• Palliative Care

  • Facing a serious illness or disability can be a trying and difficult experience for patients. At the same time, dealing with chronic illness and its associated symptoms can be emotionally, physically and spiritually disruptive to the family. The Littleton Adventist Hospital Palliative Care Team, comprised of professionals trained to manage such issues, is dedicated to relieving symptoms and maintaining the best quality of life for patients and their families who, together, are fighting the disease.

     

    What is palliative care?

    Palliative care is defined as medical care that specializes in effectively treating the pain, symptoms and stress that can accompany serious illness. Palliative care is available to patients at any stage of their illness, offering them a chance to aggressively treat the symptoms of their disease - for example, pain, shortness of breath, nausea - while continuing treatment of the patient's underlying condition. 

     

    Effective palliative care increases the likelihood that patients will cope adequately with the rigors of their therapy and maintain a satisfying level of physical and psychosocial functioning. Palliative care treats the patient and family as a unit, providing care to the caregivers, as well as to the patient.

     

    Who is on the Palliative Care team?

    The Palliative Care team is comprised of a medical director, an advanced practice nurse, a case manager and a chaplain.  They may call in other professionals, as appropriate.  Together, they work with the patient and family to make decisions that will improve the quality of life for all.  Having everyone involved can ease tensions and create solutions that improve the patient's and family's experience during care and clarify goals of the treatment.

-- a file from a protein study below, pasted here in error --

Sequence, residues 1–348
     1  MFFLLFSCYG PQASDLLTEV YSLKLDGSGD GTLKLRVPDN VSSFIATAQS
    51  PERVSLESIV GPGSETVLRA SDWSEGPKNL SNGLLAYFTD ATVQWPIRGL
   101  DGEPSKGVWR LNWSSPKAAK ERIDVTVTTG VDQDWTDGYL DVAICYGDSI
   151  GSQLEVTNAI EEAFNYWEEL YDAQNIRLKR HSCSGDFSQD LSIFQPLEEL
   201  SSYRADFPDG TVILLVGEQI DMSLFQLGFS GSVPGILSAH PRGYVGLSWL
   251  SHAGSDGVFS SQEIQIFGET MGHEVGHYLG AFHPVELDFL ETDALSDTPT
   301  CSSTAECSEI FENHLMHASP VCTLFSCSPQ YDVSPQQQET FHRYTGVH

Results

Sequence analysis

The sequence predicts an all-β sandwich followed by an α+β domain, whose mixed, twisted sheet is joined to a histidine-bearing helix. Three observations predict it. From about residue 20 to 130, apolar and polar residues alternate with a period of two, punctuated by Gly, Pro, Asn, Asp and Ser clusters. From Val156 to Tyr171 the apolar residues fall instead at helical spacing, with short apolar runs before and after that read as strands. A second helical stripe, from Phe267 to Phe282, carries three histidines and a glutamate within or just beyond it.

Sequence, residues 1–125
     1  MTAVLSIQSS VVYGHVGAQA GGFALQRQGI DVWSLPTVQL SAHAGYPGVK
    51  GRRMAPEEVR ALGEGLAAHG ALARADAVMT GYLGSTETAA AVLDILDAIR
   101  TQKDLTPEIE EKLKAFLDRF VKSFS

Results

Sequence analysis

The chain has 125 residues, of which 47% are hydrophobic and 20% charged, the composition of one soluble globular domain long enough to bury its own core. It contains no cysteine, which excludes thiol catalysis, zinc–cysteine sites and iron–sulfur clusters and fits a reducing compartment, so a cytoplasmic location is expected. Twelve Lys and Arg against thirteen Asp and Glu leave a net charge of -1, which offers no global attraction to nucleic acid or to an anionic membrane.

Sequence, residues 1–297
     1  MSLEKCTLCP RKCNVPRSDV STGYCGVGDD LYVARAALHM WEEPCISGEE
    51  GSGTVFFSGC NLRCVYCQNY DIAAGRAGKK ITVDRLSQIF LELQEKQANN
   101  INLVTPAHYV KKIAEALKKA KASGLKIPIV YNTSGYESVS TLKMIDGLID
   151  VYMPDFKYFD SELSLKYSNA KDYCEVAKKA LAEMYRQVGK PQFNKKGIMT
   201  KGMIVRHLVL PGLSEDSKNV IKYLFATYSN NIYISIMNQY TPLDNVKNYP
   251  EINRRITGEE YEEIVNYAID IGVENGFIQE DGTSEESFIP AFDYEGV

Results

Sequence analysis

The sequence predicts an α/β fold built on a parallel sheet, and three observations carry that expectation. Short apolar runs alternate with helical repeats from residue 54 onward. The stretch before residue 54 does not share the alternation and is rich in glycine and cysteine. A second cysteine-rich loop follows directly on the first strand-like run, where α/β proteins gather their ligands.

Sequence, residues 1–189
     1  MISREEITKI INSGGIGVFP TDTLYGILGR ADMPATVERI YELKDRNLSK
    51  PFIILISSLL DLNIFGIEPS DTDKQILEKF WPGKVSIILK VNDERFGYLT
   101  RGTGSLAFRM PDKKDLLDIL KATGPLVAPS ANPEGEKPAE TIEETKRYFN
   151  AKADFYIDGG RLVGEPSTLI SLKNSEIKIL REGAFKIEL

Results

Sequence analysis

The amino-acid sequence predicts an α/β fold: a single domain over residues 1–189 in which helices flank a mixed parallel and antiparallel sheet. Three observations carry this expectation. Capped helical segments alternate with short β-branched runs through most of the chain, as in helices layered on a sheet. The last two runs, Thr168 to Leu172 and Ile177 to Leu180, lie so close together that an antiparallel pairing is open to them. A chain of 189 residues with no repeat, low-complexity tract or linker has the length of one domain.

When is a Palliative Care team consult appropriate?

    Ask for a Palliative Care team consult when the patient and family are trying to manage:

    • Repeated admissions for an advanced illness.
    • Symptoms that are interfering with quality of life.
    • Lack of response to curative therapies and changing goals of care.
    • Conflict regarding illness management or treatment course.
    • Significant, progressive, functional decline.
    • Spiritual and/or emotional distress.

    Palliative care may be appropriate for patients with:

    • Chronic Obstructive Pulmonary Disease (COPD)
    • Congestive Heart Failure (CHF) or emphysema
    • Severe diabetes
    • Kidney failure
    • Patients with cancer who are undergoing treatment
    • Patients with severe joint or back pain

    For more information about palliative care at Littleton Adventist Hospital please contact Jamie Benton, MSW or Mary Murray, RN, Palliative Care Nurse, 303-738-2605.